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Recovery group celebrates two years of change

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SNOQUALMIE - Recovery, a word name synonymous with strife, pain and wounded emotions, is actually supposed to be fun.

That is the philosophy of Celebrate Recovery, a faith-based addiction and recovery program that is looking back on two years of changing people's lives.

"Recovery should be fun. It's not dull," said Mary Leonard, who has been involved with Celebrate Recovery. "You're alive and we are going to have fun."

For starters, the program breaks even the basic rules of recovery and addiction meetings. As opposed to a group of people sitting in a circle in a dimly-lit church basement drinking bad coffee, Celebrate Recovery meets at the House of Soul, a cozy coffee shop on Falls Avenue in Snoqualmie.

"You can just come in and be yourself," said William Johnson, the Celebrate Recovery barista who has been involved with the program since 2002.

The program, which was brought to the Valley two years ago by Bill and Leslie Bedell, originated at Saddleback Church in Mission Viejo, Calif. It follows many of the same tenants as the basic 12-step recovery program, but adds a Biblical perspective to each step. There are now more than 1,000 Celebrate Recovery groups in the United States and more have started to form in other countries.

Celebrate Recovery in the Valley starts every weekly meeting with a casual hang-out time with pizza and, if the weather is nice; a cook out. After that people break into groups and talk. The evening ends with a testimony or lecture given by one of the program's leaders.

The Bedells had high hopes for the program, but it has been successful beyond all their expectations. They expect anywhere from 60 to 80 people every week and look forward to a concerted outreach effort in the coming weeks to add even more.

"As director of Celebrate Recovery for the past two years, I have seen an unparalleled history of life change," said Bill. "I am often asked to summarize what this program is all about, and it all boils down to life transformation."

Although Celebrate Recovery is a faith-based program, it receives little support from religious organizations and relies on itself to sustain the program. The Snoqualmie Valley Alliance Church gives the program use of its facilities and a good word on Sunday, but no church funds are given to the program. Snoqualmie Valley Alliance Pastor Monty Wright is eager, however, to provide Celebrate Recover with a home in his church.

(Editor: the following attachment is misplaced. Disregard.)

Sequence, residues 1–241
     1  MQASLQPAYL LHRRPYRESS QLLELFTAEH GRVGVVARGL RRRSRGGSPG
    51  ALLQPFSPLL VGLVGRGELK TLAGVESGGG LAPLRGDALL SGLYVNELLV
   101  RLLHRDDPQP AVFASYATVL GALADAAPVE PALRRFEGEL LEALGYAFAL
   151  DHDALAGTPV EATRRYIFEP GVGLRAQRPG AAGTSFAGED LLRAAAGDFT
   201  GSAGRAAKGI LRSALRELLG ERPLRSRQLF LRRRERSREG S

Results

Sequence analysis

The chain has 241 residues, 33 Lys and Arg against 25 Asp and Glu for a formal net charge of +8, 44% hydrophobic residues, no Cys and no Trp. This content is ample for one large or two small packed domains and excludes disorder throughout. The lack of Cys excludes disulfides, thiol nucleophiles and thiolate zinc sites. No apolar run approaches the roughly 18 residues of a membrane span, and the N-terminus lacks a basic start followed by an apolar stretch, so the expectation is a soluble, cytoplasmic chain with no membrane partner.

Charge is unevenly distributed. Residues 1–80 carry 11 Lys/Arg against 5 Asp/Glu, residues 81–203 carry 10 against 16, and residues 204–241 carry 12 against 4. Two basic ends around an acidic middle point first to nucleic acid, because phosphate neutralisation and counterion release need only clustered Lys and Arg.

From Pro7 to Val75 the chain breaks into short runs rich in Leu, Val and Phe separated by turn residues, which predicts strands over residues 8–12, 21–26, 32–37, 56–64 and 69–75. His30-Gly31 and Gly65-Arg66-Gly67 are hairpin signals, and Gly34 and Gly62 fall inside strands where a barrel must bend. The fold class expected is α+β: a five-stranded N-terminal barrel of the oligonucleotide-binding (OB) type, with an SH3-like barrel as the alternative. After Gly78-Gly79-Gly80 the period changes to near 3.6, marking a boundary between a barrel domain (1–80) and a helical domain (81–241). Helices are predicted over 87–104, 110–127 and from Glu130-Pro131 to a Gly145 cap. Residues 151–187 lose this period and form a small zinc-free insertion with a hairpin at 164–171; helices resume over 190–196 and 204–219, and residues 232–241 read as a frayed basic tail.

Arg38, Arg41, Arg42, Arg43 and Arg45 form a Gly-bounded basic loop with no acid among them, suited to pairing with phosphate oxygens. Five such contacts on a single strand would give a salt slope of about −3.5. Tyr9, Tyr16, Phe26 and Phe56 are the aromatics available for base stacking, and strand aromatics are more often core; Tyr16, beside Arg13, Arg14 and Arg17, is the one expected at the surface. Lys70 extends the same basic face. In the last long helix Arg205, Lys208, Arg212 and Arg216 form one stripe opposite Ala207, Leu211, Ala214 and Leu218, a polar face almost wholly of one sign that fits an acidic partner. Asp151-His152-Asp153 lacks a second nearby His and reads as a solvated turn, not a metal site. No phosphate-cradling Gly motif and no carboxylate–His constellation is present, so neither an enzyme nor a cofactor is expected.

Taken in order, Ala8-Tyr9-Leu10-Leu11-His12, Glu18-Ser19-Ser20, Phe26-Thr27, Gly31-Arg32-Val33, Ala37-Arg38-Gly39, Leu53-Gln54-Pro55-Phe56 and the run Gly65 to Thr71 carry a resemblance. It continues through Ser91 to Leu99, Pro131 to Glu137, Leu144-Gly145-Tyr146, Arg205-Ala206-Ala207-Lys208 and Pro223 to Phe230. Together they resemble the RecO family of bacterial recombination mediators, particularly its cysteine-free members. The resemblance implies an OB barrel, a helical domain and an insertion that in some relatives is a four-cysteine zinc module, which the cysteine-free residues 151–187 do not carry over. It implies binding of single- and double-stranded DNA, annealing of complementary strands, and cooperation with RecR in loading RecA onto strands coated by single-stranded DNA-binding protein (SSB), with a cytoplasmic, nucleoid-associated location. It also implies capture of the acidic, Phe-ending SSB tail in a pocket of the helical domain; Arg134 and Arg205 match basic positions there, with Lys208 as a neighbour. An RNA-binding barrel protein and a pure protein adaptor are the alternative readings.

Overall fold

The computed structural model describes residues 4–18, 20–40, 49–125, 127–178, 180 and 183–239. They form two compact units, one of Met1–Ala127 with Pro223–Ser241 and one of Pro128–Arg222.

"When I first started Snoqualmie Valley Alliance four years ago, I was committed to seeing a church that was about healing and growing the whole person," Wright said. "I have walked through life's struggles with hundreds of people, and I know that pat answers and a Bible study are not the answers that bring about total healing for those who struggle with various life hurts, destructive habits and tenacious hang-ups. So a program like Celebrate Recovery was key in developing a church that was ready to see total-person healing in the Snoqualmie Valley."

"Hurts, habits and hang-ups" has been a catch-all phrase Celebrate Recovery uses to cover just about anything the program deals with. Many who come to the program have dealt or are dealing with substance abuse, but more are coming who deal with anger, hopelessness and loneliness. There are stories of people who have restored relationships with estranged family members and others who have been brought back from the brink of suicide.

"We are impacting the community one family at a time," said Leslie.

Stacey Jillson came to Celebrate Recovery to deal with overeating. She had tried every diet on the market, but was continually frustrated by the results. When she moved to Maple Valley last year she found out about Celebrate Recovery and got involved. She has since lost 46 pounds, but points more to her own self-esteem and relationships with others as a true gauge of her well-being.

"It's not about food or alcohol or drugs. It's not about the substance," Jillson said. "It's about hope, strength, finding something greater than yourself and support that is consistent and unflagging."

Whatever the problem, those involved in Celebrate Recovery believe the community that is fostered by the program can change lives and stop destructive behavior. The leaders of Celebrate Recover cringed at typical recovery words to describe the program. Instead, they wanted the experience of their own lives to be the explanation of how and why Celebrate Recovery works. Some of the people who go through Celebrate Recovery end up being leaders, something many of them didn't think they would ever become in the throes of addiction. But finding out who people truly are, both their strengths and weaknesses, is the main purpose of Celebrate Recovery.

"It's a place where I can be myself," Jillson said. "Warts and all."

* Celebrate Recovery meets every Friday from at 6 p.m. at the House of Soul, which is located next the Snoqualmie Valley Alliance Church office at 8032 Falls Ave. S.E., Snoqualmie. There will be an open house on Friday, Feb. 13, from 6-10 p.m.

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